Multiple instruments have been developed to assess clinical trainers and provide feedback on their clinical teaching.17–19 Some tools20–22 address whether the clinical trainer should be considered a role model but do not discriminate between positive and negative role modeling or identify the specific aspects of the clinical trainer’s performance that represent the correct professional behavior to imitate. We believe that these instruments need to be extended to include items on specific aspects of role modeling to reduce the risk that trainees will imitate unprofessional clinical behavior23 and to improve the quality of trainers’ role modeling.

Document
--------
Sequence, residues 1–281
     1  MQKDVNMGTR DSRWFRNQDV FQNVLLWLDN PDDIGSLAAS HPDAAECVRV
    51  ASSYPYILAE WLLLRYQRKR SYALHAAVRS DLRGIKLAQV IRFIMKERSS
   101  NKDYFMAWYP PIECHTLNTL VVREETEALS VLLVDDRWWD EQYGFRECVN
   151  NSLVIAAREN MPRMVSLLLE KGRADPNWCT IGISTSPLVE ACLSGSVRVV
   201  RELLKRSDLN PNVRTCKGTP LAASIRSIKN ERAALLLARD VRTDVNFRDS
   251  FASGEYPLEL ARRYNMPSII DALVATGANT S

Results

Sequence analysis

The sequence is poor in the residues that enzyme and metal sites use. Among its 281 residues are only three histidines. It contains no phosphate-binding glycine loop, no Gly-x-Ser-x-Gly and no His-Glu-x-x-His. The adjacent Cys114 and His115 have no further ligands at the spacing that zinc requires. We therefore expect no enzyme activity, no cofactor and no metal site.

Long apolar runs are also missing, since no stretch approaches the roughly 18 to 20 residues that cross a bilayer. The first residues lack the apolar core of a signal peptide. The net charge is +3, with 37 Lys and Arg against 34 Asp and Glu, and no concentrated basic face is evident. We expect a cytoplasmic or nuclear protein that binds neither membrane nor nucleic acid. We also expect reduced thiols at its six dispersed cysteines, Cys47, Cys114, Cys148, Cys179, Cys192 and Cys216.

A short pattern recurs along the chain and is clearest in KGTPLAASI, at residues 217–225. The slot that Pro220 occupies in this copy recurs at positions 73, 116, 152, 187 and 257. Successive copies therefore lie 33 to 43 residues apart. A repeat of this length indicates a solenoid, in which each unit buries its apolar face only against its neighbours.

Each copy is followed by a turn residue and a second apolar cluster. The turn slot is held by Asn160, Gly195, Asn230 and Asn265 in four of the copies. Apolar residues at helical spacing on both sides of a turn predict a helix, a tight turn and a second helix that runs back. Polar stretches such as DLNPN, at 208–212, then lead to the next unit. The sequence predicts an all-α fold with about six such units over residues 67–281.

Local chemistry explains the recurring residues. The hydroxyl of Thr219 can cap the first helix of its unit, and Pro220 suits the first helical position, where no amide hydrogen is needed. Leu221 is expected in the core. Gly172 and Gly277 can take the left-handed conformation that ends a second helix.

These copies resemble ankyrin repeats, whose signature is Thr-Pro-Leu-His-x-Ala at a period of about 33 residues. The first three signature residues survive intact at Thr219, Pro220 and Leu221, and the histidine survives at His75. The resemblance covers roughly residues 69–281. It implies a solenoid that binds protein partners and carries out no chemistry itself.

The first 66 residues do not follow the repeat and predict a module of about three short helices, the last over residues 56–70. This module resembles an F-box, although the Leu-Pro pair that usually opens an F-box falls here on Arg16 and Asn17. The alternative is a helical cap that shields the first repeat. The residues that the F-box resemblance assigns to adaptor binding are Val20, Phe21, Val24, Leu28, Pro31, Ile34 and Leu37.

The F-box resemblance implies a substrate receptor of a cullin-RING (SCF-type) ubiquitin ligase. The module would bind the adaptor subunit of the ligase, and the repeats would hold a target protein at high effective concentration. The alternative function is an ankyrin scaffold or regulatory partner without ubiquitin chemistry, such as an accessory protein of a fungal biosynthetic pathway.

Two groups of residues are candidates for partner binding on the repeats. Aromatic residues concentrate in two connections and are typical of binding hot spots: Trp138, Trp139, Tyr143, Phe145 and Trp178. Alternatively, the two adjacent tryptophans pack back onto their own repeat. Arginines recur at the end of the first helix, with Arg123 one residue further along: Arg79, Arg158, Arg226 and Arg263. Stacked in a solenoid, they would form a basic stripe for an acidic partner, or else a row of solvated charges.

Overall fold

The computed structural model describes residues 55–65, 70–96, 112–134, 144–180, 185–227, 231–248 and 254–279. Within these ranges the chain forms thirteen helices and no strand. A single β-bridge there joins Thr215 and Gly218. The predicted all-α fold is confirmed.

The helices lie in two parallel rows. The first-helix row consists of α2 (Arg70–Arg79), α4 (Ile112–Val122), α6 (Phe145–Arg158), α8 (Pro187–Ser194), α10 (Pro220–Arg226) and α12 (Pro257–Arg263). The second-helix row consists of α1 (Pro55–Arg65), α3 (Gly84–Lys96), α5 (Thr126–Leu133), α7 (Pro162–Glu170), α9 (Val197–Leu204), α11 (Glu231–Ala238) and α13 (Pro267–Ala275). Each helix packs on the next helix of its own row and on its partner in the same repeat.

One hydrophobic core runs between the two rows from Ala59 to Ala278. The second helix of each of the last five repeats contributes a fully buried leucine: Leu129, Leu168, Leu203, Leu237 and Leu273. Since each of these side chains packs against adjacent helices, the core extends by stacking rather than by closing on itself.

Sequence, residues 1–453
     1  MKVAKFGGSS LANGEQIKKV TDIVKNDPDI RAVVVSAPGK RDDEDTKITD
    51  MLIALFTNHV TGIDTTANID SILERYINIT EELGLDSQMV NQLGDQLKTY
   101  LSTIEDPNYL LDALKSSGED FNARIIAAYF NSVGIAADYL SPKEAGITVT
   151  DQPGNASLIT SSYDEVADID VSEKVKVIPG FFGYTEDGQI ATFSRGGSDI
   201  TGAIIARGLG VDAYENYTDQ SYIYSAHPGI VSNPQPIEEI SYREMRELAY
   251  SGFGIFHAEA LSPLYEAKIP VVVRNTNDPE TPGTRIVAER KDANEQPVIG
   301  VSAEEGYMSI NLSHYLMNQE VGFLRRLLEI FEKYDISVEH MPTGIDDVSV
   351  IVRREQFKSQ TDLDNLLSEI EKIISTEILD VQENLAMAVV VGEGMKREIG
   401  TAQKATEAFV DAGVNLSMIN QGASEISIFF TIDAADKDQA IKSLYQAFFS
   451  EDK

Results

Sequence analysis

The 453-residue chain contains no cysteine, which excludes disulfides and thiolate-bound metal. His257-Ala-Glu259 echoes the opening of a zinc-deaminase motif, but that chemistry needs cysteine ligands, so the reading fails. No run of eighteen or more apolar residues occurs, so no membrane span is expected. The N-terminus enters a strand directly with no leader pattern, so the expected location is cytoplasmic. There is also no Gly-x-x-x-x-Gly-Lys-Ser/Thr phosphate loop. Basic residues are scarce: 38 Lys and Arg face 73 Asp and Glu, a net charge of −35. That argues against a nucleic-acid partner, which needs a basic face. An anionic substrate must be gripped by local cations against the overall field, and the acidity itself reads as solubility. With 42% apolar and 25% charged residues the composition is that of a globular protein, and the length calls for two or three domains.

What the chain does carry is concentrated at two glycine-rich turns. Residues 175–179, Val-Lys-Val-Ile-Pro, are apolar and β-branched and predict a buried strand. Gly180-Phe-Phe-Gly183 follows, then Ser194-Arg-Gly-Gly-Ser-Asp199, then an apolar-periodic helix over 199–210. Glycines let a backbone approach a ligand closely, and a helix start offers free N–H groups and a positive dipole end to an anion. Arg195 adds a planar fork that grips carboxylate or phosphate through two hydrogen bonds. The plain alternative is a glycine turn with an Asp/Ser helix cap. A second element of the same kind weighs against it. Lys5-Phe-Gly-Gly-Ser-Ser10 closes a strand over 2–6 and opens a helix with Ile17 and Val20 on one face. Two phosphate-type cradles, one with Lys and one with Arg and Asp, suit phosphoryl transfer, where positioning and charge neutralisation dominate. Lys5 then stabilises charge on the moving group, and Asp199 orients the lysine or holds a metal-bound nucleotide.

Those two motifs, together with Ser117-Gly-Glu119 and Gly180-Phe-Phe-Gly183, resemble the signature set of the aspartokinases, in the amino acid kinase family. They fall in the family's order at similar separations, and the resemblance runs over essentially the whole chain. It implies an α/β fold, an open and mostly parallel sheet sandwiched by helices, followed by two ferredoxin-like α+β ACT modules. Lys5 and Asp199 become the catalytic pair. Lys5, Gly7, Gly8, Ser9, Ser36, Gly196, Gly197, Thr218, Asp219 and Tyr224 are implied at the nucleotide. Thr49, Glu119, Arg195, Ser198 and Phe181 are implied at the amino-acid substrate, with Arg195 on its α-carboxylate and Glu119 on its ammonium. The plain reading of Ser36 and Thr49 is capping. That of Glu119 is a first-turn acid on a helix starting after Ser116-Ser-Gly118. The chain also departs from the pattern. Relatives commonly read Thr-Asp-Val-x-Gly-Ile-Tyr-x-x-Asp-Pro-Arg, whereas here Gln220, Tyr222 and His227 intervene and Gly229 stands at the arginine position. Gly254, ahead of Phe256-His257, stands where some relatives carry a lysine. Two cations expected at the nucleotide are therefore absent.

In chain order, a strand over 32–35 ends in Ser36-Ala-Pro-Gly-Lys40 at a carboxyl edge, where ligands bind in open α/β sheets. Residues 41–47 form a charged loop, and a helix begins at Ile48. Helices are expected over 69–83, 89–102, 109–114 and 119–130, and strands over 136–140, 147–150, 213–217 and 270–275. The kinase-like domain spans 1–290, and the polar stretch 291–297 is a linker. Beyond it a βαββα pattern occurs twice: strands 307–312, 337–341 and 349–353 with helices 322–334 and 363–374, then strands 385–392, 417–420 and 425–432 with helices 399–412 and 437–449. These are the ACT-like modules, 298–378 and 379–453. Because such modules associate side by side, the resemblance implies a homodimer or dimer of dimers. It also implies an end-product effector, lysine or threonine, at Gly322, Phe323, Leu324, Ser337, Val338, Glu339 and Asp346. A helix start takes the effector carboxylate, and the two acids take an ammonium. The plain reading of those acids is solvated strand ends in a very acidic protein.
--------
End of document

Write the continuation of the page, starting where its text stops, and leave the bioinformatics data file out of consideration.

In response to this need, we conducted a systematic review of the medical and medical education literature to identify the attributes that characterize positive and negative role models in clinical practice. Our research question was, which attributes characterize the clinical trainer as a positive and negative role model for the trainee?